I don’t truly understand the cultural need for cleansing after coming in contact with a dead body, maybe it had something to do with prevention of disease. It also seems as if some of the Canaanites had superstitions about the dead but none of these connect with me and my life.
I can certainly understand that it was important to make sure everyone understood the rules about dead bodies since quite a few people died only a few chapters earlier. So the issue was likely on the minds of the people and the author.
Still devotional connection with this chapter is scant.
In attempting to understand more of the background, one author referenced Hebrews 9:13-14, which reads: The blood of goats and bulls and the ashes of a heifer sprinkled on those who are ceremonially unclean sanctify them so that they are outwardly clean. How much more, then, will the blood of Christ, who through the eternal Spirit offered himself unblemished to God, cleanse our consciences from acts that lead to death, so that we may serve the living God!
Now there is a word that speaks to my heart.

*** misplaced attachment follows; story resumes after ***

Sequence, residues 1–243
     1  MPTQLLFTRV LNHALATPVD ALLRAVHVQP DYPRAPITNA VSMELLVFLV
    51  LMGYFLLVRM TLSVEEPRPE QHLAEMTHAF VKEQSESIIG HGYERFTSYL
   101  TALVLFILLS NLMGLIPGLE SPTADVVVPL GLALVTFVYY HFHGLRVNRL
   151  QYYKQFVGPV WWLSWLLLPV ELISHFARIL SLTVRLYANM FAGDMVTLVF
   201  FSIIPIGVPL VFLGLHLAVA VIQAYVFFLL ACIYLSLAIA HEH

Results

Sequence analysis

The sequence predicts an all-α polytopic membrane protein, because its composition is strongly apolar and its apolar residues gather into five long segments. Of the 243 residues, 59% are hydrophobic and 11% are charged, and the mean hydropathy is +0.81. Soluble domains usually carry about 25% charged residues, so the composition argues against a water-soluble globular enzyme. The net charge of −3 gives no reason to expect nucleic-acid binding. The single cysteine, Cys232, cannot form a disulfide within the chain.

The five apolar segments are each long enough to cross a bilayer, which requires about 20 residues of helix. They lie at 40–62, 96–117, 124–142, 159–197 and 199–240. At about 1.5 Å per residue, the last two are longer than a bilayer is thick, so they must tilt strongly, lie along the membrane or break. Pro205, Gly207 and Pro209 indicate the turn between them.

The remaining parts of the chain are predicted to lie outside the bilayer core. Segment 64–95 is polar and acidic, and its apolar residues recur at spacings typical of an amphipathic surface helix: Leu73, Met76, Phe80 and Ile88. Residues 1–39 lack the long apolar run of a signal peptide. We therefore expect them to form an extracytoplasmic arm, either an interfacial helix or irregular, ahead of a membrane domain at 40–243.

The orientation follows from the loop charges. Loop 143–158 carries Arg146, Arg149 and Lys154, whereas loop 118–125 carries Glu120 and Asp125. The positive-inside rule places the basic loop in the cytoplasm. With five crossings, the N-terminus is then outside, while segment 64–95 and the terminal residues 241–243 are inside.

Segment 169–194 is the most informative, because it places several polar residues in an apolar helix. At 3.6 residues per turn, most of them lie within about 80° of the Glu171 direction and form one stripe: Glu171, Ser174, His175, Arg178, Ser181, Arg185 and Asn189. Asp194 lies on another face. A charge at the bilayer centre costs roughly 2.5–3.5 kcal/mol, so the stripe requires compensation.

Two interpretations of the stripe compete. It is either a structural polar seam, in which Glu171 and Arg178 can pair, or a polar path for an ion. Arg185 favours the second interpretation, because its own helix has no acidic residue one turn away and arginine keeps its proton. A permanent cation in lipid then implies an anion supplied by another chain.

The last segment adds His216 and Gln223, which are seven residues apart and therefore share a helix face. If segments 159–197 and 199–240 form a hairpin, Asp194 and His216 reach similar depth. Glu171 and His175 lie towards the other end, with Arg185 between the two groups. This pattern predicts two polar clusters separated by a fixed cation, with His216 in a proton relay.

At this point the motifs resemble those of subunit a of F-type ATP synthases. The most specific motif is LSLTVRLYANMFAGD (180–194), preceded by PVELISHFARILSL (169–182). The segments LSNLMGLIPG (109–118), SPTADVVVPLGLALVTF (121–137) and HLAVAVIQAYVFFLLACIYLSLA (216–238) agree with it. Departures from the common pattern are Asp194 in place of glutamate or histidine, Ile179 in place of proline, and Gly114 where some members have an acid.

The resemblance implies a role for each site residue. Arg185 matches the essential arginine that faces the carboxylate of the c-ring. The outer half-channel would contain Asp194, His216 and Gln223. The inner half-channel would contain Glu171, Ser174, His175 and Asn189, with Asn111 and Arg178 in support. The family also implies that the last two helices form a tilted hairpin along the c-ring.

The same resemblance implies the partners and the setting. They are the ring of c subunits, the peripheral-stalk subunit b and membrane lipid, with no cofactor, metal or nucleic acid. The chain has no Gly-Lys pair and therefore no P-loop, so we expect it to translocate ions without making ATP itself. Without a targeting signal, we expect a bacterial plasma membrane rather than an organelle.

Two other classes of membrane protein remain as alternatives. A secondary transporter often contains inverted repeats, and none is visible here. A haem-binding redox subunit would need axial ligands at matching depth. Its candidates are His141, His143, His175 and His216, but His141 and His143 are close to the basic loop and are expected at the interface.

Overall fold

All the cleansing rituals in this chapter make a person outwardly clean, but Jesus’ sacrifice makes us inwardly clean. Jesus’ sacrifice washes away sin and its affects. What a glorious truth!
No amount of outward cleansing can ever clean the inside of a human person. However, what we cannot do for ourselves, Jesus can do for us when we place our faith in Him.
What a blessing! What a gift!
Here we have the beauty of the Christian faith… cleansing of sin, “acts that lead to death.”
I love that the author of Hebrews goes even further. Not only does Jesus cleanse us from acts that lead to death, He does so, so that we can serve God, our Father. Through faith in Jesus we have a calling and a commission to love and serve God, Father, Son and Holy Spirit.
Thank You, Oh, God, for all You have done for me. Fill me with Your Spirit, so that I may serve You with vigor and excellence. I pray in Jesus’ name. Amen.